Tag Archives: hammer

Parts of a hammer

Hammer Time

Parts of a hammer
Parts of a hammer

Your basic hammer is made of two parts: the handle and the head. The handle fits through a hole in the head known as the eye (or adze eye), and is held in place with a wedge. On newer hammers, the grip may be wrapped in rubber for greater comfort. The face is what strikes the nail or other surface you are hammering. Hammers used for peening, or shaping metal come in a number of varieties. A ball peen hammer has a peen with a hemisphere shape. A claw hammer has a claw used for removing nails or separating two pieces of wood.

Types of hammers
Types of hammers

I gathered some of the hammers we have in our shop, which represent some of the more common types which are useful to the props artisan. From left to right, we have:

Claw hammer: Your basic carpentry hammer is useful for driving and removing nails into wood. It’s also the go-to-hammer for basic “hitting stuff”; I kind of cringe every time I see someone grab a ball peen hammer to knock something loose.

Rawhide mallet: Useful for non-marring blows, especially when working with leather, jewelery or other softer and delicate metals.

Lead mallet: These are used to hit steel without the risk of creating sparks. You can also get copper mallets for the same purpose.

Soft-faced hammer: The faces are made of soft materials, such as rubber or plastic, and are often removable and replaceable. These are used when you are hammering on or around decorative or finished wood to keep from marring the surface.

Tack hammer: Used in upholstery to drive tacks. One end is split and often magnetic to help hold the tiny tacks while driving them in.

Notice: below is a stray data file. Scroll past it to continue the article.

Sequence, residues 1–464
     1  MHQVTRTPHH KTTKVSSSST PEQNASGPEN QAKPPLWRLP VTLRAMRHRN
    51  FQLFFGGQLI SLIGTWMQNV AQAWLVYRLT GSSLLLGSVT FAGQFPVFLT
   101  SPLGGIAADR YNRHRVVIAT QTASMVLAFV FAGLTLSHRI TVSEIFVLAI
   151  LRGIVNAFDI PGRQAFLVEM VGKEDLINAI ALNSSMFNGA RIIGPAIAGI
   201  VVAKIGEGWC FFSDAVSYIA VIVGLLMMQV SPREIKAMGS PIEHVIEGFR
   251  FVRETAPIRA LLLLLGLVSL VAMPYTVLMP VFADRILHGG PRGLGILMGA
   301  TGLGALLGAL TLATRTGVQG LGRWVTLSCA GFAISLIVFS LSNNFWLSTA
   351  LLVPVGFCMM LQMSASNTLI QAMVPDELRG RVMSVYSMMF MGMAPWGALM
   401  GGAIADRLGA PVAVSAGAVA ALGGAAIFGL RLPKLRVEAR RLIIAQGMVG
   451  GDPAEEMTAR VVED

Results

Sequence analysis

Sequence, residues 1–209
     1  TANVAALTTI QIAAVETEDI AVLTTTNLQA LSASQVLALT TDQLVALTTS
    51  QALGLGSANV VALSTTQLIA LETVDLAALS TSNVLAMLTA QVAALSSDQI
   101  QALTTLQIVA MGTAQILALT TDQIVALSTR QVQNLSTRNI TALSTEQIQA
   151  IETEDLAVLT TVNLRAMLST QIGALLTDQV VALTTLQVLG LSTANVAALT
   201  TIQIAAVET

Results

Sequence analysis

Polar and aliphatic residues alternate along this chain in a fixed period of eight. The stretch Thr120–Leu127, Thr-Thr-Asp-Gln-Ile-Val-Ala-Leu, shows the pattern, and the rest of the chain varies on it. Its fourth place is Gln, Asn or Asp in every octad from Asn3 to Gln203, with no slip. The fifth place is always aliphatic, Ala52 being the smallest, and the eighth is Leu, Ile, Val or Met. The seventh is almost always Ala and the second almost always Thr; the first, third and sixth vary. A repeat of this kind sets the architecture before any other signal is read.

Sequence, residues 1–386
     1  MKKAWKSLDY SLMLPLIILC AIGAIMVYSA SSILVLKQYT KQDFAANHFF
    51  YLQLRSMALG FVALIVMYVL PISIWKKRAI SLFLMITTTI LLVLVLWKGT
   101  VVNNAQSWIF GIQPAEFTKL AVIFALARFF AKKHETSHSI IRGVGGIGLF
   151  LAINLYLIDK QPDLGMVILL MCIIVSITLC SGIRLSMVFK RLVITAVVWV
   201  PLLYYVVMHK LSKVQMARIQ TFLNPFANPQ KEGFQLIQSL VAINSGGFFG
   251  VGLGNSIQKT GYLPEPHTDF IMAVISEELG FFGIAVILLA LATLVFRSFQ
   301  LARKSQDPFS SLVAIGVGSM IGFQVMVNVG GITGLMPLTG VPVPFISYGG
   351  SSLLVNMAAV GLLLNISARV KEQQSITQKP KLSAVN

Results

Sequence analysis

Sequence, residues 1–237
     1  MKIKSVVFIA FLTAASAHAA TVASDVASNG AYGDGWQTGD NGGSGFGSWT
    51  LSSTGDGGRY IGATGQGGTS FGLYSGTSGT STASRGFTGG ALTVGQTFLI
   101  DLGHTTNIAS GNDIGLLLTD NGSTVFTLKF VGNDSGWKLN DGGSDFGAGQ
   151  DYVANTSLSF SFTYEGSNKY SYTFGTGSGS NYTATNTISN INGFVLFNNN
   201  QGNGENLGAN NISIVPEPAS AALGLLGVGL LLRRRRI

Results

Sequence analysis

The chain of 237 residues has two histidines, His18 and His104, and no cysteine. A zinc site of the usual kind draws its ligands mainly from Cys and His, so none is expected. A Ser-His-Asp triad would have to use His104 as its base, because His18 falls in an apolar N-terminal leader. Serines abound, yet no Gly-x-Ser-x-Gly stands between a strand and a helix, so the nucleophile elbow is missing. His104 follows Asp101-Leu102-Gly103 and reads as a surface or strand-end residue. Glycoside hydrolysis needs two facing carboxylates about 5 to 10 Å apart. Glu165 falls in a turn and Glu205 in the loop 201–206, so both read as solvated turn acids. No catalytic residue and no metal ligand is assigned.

Ball peen hammer: Peen hammers are used for shaping metal. Besides the ball peen, you may also find straight peen, cross peen, and point peen, among others.

Wooden mallet: Or carpenter’s mallet, used for furniture assembly or driving in dowels when non-marring blows are needed.

You can of course find any number of other types of hammers and mallets, with many variations in between. Prop shops will often carry rubber mallets, rip hammers and sledge hammers. Other types of hammers, such as bricklayer hammers or drywall hammers may also find their way into shops. Check out the Science and Engineering Encyclopedia for a comprehensive list of hammers.

Friday Link-topia

It’s been a busy week, and it’s going to be a busy month. Here’s another quick list of links I wanted to share, until I can find time to write something for reals.

  • Jesse Gaffney, a freelance props master in Chicago, has a new blog. Theatre Projects details the process behind some of his more challenging props projects. I’ve also added a link to the blogroll column on the side.
  • Art of Manliness has a wonderfully illustrated article on the various types of hammers and how to use them.  And if you’ve never been to the Art of Manliness before, take some time to look around; there’s a large archive of articles and forums to explore.
  • Popular Woodworking magazine has posted 3D models of some of the projects featured in their magazine. I don’t know if any of you props people ever use 3D to help you build, but if so, this is a great repository of early American furniture and workbenches.
  • Finally, if you have time, watch The Story of Stuff. It’s a 20 minute film showing how products go from raw materials to the store. It examines the social, environmental, and political aspects of production and consumption, but it’s also interesting for props people who are interested in objects and where they come from.